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Deal with IMF set to raise cost of loans


Banks reacted to the law by shifting to lending to government. PHOTO | FOTOSEARCH

The Kenyan government has promised the International Monetary Fund (IMF) a repeal of the interest rate capping law, leaving consumers in a cloud of uncertainty over the future cost of loans.

The IMF said in a statement released after a three-week visit to Nairobi that Kenya has committed to reforming the law, and to cut the fiscal deficit in order to secure a six month extension of the Sh150 billion ($1.5 billion) standby facility that expires next Tuesday.

“In support of this request, the authorities have committed to policies that will help achieve the programme objectives, including reducing the fiscal deficit and substantially modifying interest controls. Discussions on the details of these policies will continue in the coming weeks,” said IMF team leader Benedict Clements.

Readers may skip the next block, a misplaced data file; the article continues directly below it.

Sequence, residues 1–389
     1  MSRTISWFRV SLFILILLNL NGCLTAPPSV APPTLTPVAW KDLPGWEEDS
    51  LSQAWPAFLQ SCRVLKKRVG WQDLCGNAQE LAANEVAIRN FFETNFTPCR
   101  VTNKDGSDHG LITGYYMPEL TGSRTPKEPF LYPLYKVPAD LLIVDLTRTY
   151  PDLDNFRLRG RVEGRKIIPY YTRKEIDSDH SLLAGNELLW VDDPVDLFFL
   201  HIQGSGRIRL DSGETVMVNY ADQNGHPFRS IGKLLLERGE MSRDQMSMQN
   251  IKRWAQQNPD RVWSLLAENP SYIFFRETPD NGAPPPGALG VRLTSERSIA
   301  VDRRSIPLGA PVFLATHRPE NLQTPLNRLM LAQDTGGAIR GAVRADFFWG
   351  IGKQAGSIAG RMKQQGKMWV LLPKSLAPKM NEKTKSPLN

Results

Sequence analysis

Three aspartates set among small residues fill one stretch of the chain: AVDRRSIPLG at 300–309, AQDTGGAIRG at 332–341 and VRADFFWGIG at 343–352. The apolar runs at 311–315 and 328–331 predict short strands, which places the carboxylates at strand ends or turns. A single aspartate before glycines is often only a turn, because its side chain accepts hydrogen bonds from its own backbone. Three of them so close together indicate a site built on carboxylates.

Both the Treasury and Central Bank have come out in recent weeks to say that a review of the popular law is necessary, citing the slowdown in private sector credit growth (that stood at 2.4 per cent in December).

Borrowers, who paid exorbitant credit costs before rate cap came into force, will now be watching keenly to see how the Treasury navigates the sensitive and emotive issue either with a partial review or repeal.

Banks, however, made it clear that they want nothing short of total repeal of the law, arguing that they have put in place measures to prevent a return to the days of usury.

“We will be looking for a total removal of the cap. We now have in place a number of measures, some ongoing, addressing concerns around opacity in pricing of loans through the cost of credit website that allows borrowers to compare loan charges comprehensively across different banks,” Kenya Bankers Association (KBA) chief executive Habil Olaka said.

“Partial amendments to the law will only create more problems and complications going forward, sending us back to the negotiating table.”

The rate cap law was passed in August 2016 in response to the high cost of credit that saw banks make huge profits.

The lenders reacted to the law by shifting to lending to government, arguing that they were unable to price in risk for customers, especially SMEs which tend to carry a higher default rate.

Parliament’s Budget and Appropriations Committee chairman Kimani Ichung’wa, the MP for Kikuyu, told the IMF team on February 22 that legislators are willing to support a review of the law, on condition that CBK demonstrates that it is able to supervise banks to lend money at fair rates.

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